http://www.thekitchn.com/whats-the-difference-coconut-m-75446/

It looks like milk, it is NOT sweetened and it does NOT taste of coconut!

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Just managed to fit in a cooking no-potato fishcakes session on Fox’s Channel 5 here in Washington with host Holly Morris, before we head for the airport.

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Another recipe based on a Nigel Slater recipe. I have always loved fishcakes – must be the comfort food factor kicking in – but these days of course the fact they usually contain 50 per cent potato causes trouble for me as a diabetic.This recipe solves the problem by leaving the potato out! The dill and the grain mustard make the fishcakes special and they sometimes serve as a tasty starter. If you keep them small and cook them quickly, they’ll be crisp and brown on the outside and still succulent inside.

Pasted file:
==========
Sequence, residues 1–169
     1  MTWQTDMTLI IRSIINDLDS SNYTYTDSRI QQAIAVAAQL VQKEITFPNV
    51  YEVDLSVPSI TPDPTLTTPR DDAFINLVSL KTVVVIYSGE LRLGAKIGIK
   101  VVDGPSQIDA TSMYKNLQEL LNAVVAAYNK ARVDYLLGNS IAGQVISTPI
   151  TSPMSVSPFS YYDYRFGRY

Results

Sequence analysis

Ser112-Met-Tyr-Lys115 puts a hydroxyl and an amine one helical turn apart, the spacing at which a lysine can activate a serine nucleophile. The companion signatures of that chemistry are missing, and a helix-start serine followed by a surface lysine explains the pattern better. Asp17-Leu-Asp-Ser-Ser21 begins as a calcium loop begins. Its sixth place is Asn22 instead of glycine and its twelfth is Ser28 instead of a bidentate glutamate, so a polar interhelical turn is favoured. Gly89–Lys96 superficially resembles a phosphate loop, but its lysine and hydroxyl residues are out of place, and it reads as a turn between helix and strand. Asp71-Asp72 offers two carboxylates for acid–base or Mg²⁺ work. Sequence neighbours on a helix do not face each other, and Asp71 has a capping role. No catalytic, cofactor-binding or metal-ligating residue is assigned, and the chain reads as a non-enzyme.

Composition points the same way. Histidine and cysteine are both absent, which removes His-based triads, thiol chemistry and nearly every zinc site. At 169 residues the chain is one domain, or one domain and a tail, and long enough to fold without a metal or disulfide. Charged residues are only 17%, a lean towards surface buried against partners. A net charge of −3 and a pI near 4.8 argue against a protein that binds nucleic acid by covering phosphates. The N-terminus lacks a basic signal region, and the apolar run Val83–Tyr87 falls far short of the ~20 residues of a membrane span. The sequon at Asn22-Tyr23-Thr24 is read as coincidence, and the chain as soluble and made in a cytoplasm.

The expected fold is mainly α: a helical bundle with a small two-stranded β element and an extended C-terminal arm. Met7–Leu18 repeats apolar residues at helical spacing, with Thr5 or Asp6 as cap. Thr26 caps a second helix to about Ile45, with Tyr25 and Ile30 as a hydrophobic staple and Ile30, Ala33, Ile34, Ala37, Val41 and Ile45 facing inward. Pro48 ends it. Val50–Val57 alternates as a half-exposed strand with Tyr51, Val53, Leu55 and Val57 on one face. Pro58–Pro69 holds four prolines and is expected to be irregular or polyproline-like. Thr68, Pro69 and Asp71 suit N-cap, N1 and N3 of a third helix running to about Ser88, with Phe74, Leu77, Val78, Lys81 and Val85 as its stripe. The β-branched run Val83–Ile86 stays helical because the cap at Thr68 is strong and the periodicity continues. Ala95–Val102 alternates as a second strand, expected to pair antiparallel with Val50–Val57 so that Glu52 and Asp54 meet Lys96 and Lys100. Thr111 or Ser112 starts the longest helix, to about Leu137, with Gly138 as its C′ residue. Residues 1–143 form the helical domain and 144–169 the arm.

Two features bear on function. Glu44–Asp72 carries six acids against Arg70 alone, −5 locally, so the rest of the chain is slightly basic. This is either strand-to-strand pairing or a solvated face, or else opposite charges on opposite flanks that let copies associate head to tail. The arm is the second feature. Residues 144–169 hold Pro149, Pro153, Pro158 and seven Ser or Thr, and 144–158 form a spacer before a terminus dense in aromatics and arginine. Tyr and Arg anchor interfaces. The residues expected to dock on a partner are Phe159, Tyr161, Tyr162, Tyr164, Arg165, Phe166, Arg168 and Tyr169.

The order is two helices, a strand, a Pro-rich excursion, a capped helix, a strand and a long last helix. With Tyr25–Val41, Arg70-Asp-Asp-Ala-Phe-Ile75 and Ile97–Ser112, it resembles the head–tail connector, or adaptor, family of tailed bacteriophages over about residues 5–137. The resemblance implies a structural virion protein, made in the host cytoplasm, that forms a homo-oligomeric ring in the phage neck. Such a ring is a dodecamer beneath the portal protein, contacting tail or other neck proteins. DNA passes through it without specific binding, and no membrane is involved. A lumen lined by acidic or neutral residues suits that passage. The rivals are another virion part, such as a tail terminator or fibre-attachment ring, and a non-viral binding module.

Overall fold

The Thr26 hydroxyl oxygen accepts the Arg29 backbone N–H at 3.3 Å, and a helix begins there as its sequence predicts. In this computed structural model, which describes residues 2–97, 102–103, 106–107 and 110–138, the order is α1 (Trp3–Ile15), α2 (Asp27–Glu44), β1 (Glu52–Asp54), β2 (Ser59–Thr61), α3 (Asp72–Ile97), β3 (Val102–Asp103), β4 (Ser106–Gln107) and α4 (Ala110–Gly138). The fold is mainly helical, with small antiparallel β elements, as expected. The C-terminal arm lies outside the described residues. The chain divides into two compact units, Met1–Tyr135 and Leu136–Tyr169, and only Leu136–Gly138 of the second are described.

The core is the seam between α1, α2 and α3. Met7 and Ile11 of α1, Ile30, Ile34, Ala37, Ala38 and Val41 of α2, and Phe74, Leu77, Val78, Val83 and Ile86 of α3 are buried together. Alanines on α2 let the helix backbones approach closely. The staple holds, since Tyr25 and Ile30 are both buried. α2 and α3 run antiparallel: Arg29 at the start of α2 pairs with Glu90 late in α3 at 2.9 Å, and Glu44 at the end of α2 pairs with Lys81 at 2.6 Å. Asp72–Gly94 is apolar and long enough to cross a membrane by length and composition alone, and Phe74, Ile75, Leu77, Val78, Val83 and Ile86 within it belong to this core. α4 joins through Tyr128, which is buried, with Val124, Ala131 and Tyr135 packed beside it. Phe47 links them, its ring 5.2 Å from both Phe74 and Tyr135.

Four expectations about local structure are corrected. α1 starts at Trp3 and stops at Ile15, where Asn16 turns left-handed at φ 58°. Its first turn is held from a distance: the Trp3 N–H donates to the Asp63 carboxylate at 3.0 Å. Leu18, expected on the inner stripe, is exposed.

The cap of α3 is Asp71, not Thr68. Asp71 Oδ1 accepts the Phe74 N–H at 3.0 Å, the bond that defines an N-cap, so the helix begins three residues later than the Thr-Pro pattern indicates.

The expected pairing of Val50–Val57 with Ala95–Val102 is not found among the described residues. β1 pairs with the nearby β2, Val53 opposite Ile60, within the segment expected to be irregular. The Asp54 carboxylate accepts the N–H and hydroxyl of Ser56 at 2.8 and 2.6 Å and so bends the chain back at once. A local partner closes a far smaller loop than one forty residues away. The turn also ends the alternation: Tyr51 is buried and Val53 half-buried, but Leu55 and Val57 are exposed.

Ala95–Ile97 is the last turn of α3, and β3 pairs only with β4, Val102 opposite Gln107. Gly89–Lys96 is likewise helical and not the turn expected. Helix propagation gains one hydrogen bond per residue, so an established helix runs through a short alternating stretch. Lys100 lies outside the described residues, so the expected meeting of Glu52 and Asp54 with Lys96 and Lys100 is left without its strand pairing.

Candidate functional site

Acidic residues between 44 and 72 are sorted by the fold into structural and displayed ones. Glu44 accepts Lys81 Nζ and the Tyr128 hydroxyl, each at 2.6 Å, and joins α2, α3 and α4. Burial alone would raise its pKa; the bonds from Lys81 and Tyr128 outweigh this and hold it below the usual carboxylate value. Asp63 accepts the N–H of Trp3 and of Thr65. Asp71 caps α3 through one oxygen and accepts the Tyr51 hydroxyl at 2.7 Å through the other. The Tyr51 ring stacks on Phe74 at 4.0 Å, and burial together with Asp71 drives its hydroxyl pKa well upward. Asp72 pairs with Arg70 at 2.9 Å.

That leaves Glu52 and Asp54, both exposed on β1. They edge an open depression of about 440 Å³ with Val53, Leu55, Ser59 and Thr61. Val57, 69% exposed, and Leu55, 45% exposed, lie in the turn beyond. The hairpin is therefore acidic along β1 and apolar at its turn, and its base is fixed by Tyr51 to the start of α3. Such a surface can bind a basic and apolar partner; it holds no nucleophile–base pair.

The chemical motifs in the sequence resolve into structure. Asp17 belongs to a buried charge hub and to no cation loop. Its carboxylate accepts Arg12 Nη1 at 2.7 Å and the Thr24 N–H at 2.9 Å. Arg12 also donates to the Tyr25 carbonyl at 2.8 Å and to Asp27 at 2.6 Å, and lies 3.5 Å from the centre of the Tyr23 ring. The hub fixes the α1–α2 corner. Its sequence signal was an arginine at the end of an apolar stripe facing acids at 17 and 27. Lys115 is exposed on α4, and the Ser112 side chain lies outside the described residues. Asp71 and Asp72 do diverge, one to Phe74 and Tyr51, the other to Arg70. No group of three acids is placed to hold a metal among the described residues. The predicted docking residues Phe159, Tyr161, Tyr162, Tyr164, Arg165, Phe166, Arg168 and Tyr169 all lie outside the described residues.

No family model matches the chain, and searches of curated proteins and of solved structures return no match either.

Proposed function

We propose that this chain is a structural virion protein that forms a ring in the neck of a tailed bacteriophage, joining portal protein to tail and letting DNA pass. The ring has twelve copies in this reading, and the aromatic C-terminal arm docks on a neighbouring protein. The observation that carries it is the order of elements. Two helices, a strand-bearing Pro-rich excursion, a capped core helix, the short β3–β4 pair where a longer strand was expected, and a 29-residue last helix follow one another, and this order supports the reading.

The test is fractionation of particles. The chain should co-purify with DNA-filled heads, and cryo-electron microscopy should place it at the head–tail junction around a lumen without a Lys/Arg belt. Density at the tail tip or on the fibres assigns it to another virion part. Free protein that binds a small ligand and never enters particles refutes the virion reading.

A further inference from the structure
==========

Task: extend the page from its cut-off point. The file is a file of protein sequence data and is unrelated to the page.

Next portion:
Yogurt sauce

2 x 125 ml pots low-fat yogurt
1 tsp grain mustard
good pinch of chopped dill (from the main bunch) salt

The Fishcakes

400 g/1 lb salmon fillet – skinless and checked for bones

white of an egg
1 tbsp chickpea flour – of course, plain flour works as well

1 tsp grain mustard

juice of 1⁄2 lemon
small bunch of dill – chopped fine salt and pepper (parsley will substitute though dill goes well with the salmon)

2 tbsp olive oil

 

  • Mix all the yogurt sauce ingredients and refrigerate until you are ready to eat.
  • Cut up the salmon fillets in roughly equal-size pieces.
  • Put these in a mixer and pulse three or four times.
  • Avoid working them too much and producing slush at the end.
  • You could just cut them up in small pieces if this suits better.
  • Put the salmon in a bowl.
  • Turn in the egg white and the flour, and then the mustard, lemon juice, and the dill.
  • Season with salt and pepper.
  • It’s a good idea to taste the mix for seasoning at this point – the dill and the salt should come through.
  • Refrigerate if not using immediately.
  • Heat the oil to hot in a frying pan and using a dessertspoon scoop out a dollop and make a ball.
  • Put this carefully in the pan and flatten it gently.